“You like it?” she said.

I nodded. “I love it.”


She kissed me. Her soft lips enveloping everything I had ever dreamed about.

“I have one more gift for you.”

I couldn’t imagine what she could do to top the typewriter. Then she smiled, and I knew.


 “What are you going to write about?” she asked me, as we lay in bed together, the soft light of the moon seeping in through the window blinds like longswords pressed against us.

I stared at the ceiling, her soft hair against my cheek, my arm wrapped around her, my hand against her smooth skin. It was one of those perfect moments, so few and far between in life, where you have everything you want or need. My girl by my side, my love…

It was then I knew life would never be the same. Those moments can’t last. They never do. I turned to her, our eyes close together, and kissed her.

“You’re not going to tell me?”

“If I told you,” I said, “I’d have to kill you.”


The clatter of the keys pounded through the night. The clack of metal smacking against paper is a foreign and forgotten sound to those of us brought up in the age of technology. The soft patter of fingertips against plastic is but a whisper compared to the physical presence of a typewriter.

The neighbors hated it. Hated me. As I worked, my mind racing for the perfect word, the perfect phrase to express the rush of feelings I was putting down for posterity, a loud crash came from upstairs, shaking the ceiling and throwing off my concentration. I ignored it, shook it off, and it came again a few minutes later.


Sweat dripped from my nose, wetting the keys beneath my fingers. I typed on, clack clack clack, a ka-ching! when I reached the margin, a ratchet, clack clack clack ka-ching!


There is nothing more frustrating to a writer, holding on to each word with broken fingernails, than to be interrupted as the words flowed. To block the currents of inspiration with a heavy foot stomping overhead is the act of insanity.

My first real night of working, my first taste of true inspiration, and it was being obliterated by a cranky old man who wouldn’t know art from a paint-by-numbers hobby set.

I tore the page from the carriage. Glistening beneath the light of my desk lamp, those gold embossed letters spoke to me, and I knew what I had to do. I knew how the chapter would end.

I stood up, the weight of the ROYAL in my hands, and carried it to the upstairs apartment.

The door swung open after I knocked, and the short, wrinkled excuse for a human being stared back at me through crooked glasses.

“What do you want?”

I smiled. “Do you know what this is?” I said, lifting the ROYAL so he could see it through his cataract filled eyes.

He looked down, his mouth a thin wavering line beneath a large bulbous nose.

“Yeah,” he said. “It’s what’s been keeping me up all hours of the night.”

“This,” I said, lifting it higher, raising it above my head, “is my art!”

I brought the typewriter down, dropping its full weight against the old man’s head. He fell backward, his glasses gone, blood streaming into his eyes from a cut on his forehead. He crumpled to the floor in his living room, his arms raised as I came forward, the typewriter in my hands.

“Oh, god, please…”

“God doesn’t pity the destructors of art,” I told him, my voice calm, relaxed, as blood dripped from the bottom edge of the typewriter planting red blossoms on his carpet. “God is a purveyor of the arts. The giver of inspiration. Look at history. The Sistine Chapel. The Last Supper…I mean, you have to be a fool not to see it.”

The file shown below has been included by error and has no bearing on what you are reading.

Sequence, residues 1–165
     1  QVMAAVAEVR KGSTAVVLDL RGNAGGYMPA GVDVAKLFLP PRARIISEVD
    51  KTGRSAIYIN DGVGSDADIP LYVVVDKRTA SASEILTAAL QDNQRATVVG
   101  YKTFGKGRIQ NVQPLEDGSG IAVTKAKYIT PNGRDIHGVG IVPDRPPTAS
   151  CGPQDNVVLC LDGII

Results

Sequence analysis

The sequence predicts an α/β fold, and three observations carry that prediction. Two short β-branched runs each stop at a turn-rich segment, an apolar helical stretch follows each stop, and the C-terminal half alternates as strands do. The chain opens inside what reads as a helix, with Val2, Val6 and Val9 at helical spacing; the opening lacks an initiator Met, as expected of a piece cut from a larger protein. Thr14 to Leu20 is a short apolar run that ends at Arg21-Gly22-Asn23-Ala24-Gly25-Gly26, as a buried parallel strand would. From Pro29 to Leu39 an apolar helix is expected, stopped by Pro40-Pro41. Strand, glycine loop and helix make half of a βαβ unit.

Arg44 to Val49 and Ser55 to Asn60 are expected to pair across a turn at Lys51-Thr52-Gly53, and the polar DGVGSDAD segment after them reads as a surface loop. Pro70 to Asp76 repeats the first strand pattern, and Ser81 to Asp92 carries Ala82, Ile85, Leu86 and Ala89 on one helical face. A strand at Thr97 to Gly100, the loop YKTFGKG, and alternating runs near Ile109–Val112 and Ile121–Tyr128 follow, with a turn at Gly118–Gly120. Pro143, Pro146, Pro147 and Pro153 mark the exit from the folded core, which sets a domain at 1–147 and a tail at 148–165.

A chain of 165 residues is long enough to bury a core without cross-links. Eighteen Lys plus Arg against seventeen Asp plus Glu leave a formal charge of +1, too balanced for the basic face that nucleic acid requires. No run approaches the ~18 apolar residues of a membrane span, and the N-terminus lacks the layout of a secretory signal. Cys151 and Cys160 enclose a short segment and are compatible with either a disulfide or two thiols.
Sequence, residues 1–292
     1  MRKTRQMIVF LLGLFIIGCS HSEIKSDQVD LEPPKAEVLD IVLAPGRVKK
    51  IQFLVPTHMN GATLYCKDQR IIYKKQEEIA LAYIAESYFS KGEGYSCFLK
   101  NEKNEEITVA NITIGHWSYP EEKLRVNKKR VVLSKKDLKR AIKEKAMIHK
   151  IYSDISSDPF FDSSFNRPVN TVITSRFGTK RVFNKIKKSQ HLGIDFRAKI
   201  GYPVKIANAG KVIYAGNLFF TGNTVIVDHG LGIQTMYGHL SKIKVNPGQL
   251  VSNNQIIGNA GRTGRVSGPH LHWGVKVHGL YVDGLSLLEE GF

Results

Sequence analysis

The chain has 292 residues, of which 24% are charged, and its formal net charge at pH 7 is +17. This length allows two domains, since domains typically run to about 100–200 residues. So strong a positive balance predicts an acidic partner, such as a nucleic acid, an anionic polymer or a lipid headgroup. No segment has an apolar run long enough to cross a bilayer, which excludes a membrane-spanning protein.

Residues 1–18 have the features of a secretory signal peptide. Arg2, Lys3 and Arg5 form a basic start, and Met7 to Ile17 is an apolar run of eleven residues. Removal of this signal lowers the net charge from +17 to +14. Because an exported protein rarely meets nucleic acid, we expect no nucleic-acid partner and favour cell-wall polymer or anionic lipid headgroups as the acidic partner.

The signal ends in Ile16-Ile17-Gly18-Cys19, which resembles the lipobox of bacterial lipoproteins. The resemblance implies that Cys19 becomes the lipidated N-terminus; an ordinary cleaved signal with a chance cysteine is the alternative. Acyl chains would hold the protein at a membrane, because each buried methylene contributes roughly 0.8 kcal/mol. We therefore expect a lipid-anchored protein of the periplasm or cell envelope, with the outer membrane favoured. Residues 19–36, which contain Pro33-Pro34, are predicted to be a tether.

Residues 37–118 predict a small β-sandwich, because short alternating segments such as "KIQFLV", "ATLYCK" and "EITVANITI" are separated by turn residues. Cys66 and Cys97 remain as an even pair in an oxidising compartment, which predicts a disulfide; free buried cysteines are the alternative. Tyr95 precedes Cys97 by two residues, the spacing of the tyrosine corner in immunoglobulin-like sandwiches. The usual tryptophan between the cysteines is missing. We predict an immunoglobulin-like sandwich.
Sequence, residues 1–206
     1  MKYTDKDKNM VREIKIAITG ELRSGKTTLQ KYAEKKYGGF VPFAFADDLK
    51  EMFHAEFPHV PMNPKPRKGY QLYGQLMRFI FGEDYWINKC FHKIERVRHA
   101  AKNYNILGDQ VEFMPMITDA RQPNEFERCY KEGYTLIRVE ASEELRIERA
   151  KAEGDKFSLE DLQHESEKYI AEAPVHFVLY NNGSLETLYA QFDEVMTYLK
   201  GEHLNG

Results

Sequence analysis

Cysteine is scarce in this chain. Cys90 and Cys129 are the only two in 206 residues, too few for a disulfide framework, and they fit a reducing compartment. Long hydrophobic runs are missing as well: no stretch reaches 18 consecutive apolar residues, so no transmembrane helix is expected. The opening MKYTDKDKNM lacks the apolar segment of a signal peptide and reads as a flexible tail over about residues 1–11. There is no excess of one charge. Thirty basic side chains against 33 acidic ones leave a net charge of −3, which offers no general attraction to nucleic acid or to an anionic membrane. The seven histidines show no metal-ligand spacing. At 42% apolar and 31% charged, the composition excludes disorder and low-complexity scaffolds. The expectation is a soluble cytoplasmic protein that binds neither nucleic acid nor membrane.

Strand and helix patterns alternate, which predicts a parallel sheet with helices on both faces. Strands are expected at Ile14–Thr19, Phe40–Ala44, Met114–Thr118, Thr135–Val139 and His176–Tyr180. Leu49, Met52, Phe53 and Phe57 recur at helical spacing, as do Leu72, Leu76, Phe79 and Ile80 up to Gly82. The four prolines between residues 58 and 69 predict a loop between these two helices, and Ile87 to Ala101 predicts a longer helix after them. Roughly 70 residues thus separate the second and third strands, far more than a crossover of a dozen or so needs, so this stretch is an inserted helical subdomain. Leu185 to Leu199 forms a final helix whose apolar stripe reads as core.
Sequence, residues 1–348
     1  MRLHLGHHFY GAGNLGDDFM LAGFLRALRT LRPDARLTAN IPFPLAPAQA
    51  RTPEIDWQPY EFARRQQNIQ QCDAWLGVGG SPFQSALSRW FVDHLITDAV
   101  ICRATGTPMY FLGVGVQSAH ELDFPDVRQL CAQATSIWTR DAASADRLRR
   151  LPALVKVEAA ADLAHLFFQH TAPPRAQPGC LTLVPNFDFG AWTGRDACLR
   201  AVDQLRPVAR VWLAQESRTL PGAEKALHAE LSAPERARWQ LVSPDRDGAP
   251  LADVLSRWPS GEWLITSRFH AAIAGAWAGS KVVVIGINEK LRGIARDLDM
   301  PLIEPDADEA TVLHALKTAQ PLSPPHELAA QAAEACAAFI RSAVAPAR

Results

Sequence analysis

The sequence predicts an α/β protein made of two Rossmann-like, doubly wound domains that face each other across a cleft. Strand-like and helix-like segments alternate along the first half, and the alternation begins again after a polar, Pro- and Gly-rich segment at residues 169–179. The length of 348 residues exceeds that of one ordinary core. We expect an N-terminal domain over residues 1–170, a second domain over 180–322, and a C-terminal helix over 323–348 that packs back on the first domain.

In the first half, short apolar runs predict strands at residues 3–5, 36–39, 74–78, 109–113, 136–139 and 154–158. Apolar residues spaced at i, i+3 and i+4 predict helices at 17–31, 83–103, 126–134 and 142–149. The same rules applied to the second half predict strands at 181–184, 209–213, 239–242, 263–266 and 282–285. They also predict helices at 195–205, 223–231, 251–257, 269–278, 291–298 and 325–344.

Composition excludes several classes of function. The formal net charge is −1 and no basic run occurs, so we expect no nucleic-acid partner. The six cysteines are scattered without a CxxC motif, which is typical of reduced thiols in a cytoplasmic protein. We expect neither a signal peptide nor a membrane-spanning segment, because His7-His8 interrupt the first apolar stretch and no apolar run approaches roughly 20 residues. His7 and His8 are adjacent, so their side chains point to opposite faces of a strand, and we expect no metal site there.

His mouth cracked open, his leathery skin soiled with the blood streaming from his head, as he reached for me.


I shook my head. The weight of the typewriter pulled my arms down, demanding I finish what I had begun, demanding the work be finished.

“Please,” he cried.

I silenced him as I brought the ROYAL down once more on his head. His body shook with convulsions, then lay still, the look on his face hidden by the bloodstained typewriter wedged into his face.

I looked down, knowing I had my first chapter. Knowing it would be a masterpiece, no matter the sacrifice.


Sometimes Jolene would watch me from the doorway of our bedroom, arms crossed beneath the soft nubs of her breasts, dressed only in the over-sized vintage t-shirt she wore as a nightgown. If she suspected anything, she did well to hide it. No one knew about the old man upstairs. No one would know, until his rent check was due. And then, the ROYAL told me, the masterpiece would be finished.

But she watched me, a jealous look in her dark eyes as my fingers caressed the blood-flecked keys of my new lover, the way a budding musician works the keys of grand piano.

Slow at first, little rhythm. Fingers finding their way. Building. Working in time. An ecstasy in the staccato pounding of the notes.

Clack clack clack ka-ching! Clack clack clack ka-ching!

Page after page rolled through the carriage. In those dark lonesome hours of the night, I was oblivious to everything around me except for the words pouring out of me, running through my fevered mind, stamped onto the blank page with a sharp clack, each letter like a knife to the chest.

“You coming to bed soon?” Jolene asked. Every night it was the same.

Reluctantly, I would answer, “Yes.” An automatic response, her shadow hovering over the page as it scrolled through the carriage.